Posts Tagged ‘Sunday’

Spring Time in Paris

Sunday, March 25th, 2012

As I write this I am sitting next to my window, facing out into the park behind my apartment. I am sitting on my dining/work/extra-space table as it is the only thing in my apartment that puts me at a high enough level to look through the window properly. Today is too beautiful to not appreciate in its full extent.

It is Sunday afternoon and the first official day of Summer Time. Paris is alive. The park is full of families having picnics, children playing on the swings, old people sitting on benches watching others go by. There are also the occasional drug dealer and homeless person but everyone blends together.

Last night Europe moved its clocks forward an hour and there appears to have been an instant effect – people are wearing shorts and tshirts, the new leaves on the trees have burst out of their buds, and everyone is smiling. It is definitely contagious – the only thing keeping me inside is the banana bread that I just took out of the oven. After a slice of cake and a cup of tea, the Parisian sunshine and I are going to get acquainted.

Magnolia

The magnolia (I think that is what we decided it was last year) is back in bloom

Eating Oysters From a Car Bonnet

Monday, October 31st, 2011

On my list of things I like eating, oysters come close to the bottom with absolutely no desire whatsoever to eat the sloppy, gloopy, ocean-filled things. But when our new neighbour, Julie, invited Tom and me for lunch at Le Baron Rouge in the 12th arrondissement, her description of what we would be eating appealed even to me – let’s stand around eating oysters and drinking wine off car bonnets. Yes please.

Le Baron Rouge is a wine bar where masses of Parisians (and a whole lot of Poms) flock every Saturday and Sunday to drink wine and eat oysters and charcuterie plates. The wine bar itself is tiny – a typical French bar with lots of wood, blackboard menus and effervescent staff. By the time we arrived it was getting close to 2pm, so the place was packed with people carrying wine glasses, laughing, spotting friends on the other side of the room, and generally feeling very pleased to be alive. The lack of space meant that patrons had spilled out onto the footpath and road outside and had created mock tables using the lids of bins and the roofs and bonnets of cars. Luckily the bar is located in a quiet streets so traffic wasn’t a problem.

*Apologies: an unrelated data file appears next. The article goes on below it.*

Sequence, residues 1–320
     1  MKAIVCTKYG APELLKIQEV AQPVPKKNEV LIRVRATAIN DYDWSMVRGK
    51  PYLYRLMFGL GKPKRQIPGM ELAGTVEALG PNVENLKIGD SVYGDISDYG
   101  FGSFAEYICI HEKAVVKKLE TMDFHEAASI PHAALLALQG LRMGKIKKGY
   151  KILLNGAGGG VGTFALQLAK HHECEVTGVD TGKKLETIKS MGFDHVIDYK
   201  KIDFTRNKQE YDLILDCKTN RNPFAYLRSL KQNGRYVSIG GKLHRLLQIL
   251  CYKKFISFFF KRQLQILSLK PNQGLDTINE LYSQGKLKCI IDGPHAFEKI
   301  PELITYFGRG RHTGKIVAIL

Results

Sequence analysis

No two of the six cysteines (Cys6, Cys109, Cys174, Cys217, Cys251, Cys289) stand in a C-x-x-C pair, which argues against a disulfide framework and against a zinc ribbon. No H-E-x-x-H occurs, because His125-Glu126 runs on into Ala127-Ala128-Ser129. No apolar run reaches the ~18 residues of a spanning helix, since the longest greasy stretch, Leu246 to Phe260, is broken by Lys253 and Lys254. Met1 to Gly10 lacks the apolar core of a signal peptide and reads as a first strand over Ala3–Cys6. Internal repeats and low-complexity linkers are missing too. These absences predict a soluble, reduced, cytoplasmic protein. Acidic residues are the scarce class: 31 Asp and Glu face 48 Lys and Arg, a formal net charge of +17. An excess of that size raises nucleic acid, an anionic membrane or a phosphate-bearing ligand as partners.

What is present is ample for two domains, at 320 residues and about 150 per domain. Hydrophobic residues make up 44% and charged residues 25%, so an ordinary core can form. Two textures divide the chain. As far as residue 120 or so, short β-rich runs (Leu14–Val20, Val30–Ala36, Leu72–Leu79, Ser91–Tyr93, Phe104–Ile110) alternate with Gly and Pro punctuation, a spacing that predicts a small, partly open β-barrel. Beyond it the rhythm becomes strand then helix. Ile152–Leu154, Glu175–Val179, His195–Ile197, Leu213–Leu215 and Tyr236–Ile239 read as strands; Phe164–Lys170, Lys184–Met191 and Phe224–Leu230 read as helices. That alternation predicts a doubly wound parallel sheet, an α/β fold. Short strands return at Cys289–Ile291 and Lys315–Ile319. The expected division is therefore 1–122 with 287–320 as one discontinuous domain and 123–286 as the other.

Baron Rouge

The place to be.

We pushed our way in, with Julie and her friend heading to the bar to buy wine and charcuterie, while Tom and I joined the queue for oysters. We were worried we would miss out, but basket after basket of fresh oysters continued to arrive as people ordered mounds of the disgusting things. The speed and agility demonstrated by the oyster shuckers was amazing – they had a very simple oyster shucking ‘machine’ – basically a blade on a handle connected to a wooden block. The oyster was placed on the block, the blade inserted, lifted et voila! A freshly shucked oyster.